Hindy Najman (University of Toronto): "Authority and Tradition: Archetypes of Tradition"
Eugene Ulrich (University of Notre Dame): "Insights from the Dead Sea Scrolls for Future Editions of the Hebrew Bible"
Sarianna Metso (University of Toronto): "Editing Leviticus"
Robert Kraft (University of Pennsylvania): "In Search of Jewish Greek Scriptures: Exposing the Obvious?"
Kristen de Troyer (Claremont Graduate University): "From Reconstructing the Old Greek Biblical text to Reconstructing the History of the Hebrew Biblical Text: The Contribution of the Schoyen Joshua and Leviticus Papyri"
David Trobisch (Bangor Theological Seminary): "The First Edition of the New Testament"
Michael Holmes (Bethel College/International Greek New Testament Project): "What Text is being Edited?"
Ryan Wettlaufer (University of Toronto): "Unseen Variants: Conjectural Emendation and the New Testament"
Holger Strutwolf (Institut für neutestamentliche Textforschung, Münster): "Scribal Practices and the Transmission of Biblical Texts – New Insights"
Peter Head (University of Cambridge): "The Significance of New Testament Papyri for a Critical Edition of the New Testament"
Klaus Wachtel (Institut für neutestamentliche Textforschung, Münster): "The Coherence Based Genealogical Method: A New way to Reconstruct the Text of the Greek New Testament"
Thursday, October 11, 2007
The recent republication of Westcott and Hort's GNT by Hendrickson is welcomed. For a sample page, see Matthew: http://www.hendrickson.com/pdf/chapters/9781565636743-ch01.pdf
The fonts are clear and the text looks quite inviting. (Wouldn't Greek subheadings befit a Greek document? Do others find English distracting within Greek?).
Some electronic editions of WH currently being used in some popular software packages like Bibleworks are edited and do not reflect the WH text being republished above. E.g., in the Matthew page above the following names occur:
Δαυειδ (be happy that Matthew didn't follow a more Josephian Δαβείδης)
but these are re-spelled in the Bibleworks edition of WH. (The ει in this list above are spelled ι in Bibleworks' WH for some unknown reason.)
Those WH spellings have a good claim to originality and it would be a shame for a new generation of students to think that WH themselves ignored the manuscripts on this, or that WH were not broadly confirmed by the 20th papyri finds.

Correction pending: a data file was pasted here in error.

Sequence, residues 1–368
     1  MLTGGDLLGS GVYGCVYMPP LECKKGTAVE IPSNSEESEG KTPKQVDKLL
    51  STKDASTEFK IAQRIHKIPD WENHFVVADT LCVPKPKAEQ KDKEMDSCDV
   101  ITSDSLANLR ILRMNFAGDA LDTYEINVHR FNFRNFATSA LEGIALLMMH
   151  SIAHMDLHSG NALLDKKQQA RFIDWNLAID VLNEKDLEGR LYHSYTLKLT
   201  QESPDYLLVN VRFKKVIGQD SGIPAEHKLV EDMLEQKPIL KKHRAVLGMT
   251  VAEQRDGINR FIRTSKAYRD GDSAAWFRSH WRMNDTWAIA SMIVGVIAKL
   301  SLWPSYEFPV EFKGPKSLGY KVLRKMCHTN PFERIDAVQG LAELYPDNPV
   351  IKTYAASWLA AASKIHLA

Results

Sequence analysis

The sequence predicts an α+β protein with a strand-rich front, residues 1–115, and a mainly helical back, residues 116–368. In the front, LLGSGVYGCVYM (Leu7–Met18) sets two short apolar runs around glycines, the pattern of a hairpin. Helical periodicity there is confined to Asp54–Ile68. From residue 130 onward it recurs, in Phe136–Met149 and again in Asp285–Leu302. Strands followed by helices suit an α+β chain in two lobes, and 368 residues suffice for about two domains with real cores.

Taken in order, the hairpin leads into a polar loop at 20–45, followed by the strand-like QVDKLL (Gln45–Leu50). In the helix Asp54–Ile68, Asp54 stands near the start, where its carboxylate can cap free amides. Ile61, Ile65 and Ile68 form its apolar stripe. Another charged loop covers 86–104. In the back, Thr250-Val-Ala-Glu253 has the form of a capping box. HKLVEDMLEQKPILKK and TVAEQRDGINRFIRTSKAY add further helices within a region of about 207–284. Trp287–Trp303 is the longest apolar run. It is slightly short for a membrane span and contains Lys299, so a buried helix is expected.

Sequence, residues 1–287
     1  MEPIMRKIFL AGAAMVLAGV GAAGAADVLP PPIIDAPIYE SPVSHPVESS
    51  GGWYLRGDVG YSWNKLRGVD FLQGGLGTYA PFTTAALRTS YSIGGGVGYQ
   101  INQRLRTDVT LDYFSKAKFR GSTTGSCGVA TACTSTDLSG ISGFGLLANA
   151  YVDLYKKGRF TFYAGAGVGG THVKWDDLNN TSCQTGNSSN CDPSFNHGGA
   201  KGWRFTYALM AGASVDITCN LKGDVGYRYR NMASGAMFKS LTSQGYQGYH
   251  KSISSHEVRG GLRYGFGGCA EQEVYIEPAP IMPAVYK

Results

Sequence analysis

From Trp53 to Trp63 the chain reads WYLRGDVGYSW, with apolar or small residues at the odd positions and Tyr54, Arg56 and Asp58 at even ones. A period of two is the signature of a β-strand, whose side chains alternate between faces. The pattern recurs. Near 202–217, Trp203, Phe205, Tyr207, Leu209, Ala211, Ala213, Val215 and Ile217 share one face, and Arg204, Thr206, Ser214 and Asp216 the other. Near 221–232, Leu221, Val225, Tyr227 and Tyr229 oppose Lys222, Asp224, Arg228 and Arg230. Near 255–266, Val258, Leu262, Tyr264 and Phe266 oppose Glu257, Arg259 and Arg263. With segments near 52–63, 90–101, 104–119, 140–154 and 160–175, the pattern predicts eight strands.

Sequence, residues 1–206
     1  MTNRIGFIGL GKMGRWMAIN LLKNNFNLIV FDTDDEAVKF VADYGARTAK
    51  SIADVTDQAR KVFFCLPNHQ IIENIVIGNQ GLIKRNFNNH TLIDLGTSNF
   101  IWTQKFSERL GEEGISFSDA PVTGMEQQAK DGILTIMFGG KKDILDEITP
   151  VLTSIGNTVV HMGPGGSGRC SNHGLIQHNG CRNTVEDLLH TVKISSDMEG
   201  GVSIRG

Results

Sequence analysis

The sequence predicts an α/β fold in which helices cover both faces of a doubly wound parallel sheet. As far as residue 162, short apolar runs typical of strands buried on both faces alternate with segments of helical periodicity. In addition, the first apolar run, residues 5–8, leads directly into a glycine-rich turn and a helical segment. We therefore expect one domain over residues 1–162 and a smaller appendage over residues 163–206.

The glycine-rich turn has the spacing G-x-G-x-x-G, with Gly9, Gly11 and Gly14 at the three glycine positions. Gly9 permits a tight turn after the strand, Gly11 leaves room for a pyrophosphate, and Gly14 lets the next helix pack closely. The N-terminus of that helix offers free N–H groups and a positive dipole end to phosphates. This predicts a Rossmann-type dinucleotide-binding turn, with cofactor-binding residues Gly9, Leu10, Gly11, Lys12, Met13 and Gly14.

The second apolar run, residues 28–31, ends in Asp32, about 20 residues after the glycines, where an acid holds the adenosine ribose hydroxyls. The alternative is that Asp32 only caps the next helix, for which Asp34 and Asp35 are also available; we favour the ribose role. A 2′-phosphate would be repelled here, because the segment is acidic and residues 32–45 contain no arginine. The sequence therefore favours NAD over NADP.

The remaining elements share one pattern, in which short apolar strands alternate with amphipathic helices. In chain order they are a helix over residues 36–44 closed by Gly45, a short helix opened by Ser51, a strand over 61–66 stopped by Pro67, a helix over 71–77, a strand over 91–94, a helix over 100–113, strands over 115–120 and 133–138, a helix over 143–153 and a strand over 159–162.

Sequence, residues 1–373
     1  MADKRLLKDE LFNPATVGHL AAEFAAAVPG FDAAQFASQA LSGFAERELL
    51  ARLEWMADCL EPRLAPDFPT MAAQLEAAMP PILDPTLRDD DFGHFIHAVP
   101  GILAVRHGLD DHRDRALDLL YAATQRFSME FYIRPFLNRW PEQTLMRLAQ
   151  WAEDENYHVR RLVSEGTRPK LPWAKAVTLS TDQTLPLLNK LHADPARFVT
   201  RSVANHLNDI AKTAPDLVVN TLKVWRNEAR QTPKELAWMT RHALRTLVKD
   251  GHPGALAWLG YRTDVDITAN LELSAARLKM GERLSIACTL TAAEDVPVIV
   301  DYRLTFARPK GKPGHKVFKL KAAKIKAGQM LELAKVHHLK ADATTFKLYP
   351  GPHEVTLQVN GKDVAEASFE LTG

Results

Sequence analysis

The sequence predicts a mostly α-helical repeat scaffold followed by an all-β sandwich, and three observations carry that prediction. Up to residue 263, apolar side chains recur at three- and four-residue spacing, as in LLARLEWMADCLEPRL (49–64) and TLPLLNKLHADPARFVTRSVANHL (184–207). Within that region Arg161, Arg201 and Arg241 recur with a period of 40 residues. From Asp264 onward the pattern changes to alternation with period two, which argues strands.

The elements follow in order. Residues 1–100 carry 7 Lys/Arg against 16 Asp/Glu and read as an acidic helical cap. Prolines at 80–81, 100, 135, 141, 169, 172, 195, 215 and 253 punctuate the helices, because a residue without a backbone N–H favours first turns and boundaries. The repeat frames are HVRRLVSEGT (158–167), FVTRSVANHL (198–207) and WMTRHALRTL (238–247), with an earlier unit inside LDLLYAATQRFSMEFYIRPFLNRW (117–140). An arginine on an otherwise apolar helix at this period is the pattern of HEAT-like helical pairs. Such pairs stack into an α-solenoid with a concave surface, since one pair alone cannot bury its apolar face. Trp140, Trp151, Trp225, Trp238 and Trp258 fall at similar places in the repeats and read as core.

My request is, would someone send me or point me to a truer WH unicode text? The Perseus people have posted one, though their delineation and versification need to be corrected by hand when using with students. Does anyone have a clean unicode WH? We use the WH texts with our students in the summer SXOLH. Because of student use, I prefer an accented, word separated, correctly versified text.
With thanks in advance,
So here is Sinaiticus:
And here is Alexandrinus:
So these two manuscripts reflect the same lettering as NA27: EGW TO ALFA KAI TO W. But the notable thing here is that both of these clearly indicate that the single letter W (omega) is an abbreviation (by using the over-line). This suggests that these manuscripts use the single letter to represent the word omega. If these two are representative (even if they are not, they are the earliest manuscripts), then the printed editions should therefore print the full word represented by the abbreviation: EGW TO ALFA KAI TO WMEGA. This is surely how this text was intended, understood and read in the seven churches to which this was written. Abbreviations are not normally reproduced in the critical edition. So do you agree with me that this would be worth revising in future printed editions of the Greek New Testament?
Monday, October 08, 2007
Sunday, October 07, 2007
From the CSNTM report:
"Monday was the first day that we were able to begin our digital preservation efforts. It took two trips to get all of the equipment and people up to the monastery in the ‘Patmos SUV’—a one-liter, four-door (!) sedan. We were grateful that we did not have to haul the camera equipment up the hill every day, but could leave it behind in the library for the duration of our work there. The car had to be left at the parking lot of Chora, as we hiked four hundred yards up the hill, lugging the equipment. The Abbot greeted us warmly as we began our work. We were so grateful for his support!
The Monastery of St. John the Theologian includes two different libraries. Both libraries are immaculate. One is used primarily for study. It includes many modern and resource materials in general circulation, used by the priests. The other library is dedicated to the collection of ancient books. Visually, it is breathtaking. It contains three or four reading tables in the middle of the room, surrounded by a cloud of silent witnesses, the bookshelves filled with the ancient volumes. One end of this library is roped off for a special collection of ancient manuscripts. This small library is one of the most important in the world for ancient Greek manuscripts. It also is a model of how these documents should be stored and cared for. What a wonderful environment for housing their collection of 80 New Testament manuscripts! It is clear that the monks of Patmos take their responsibility of these important artifacts very seriously.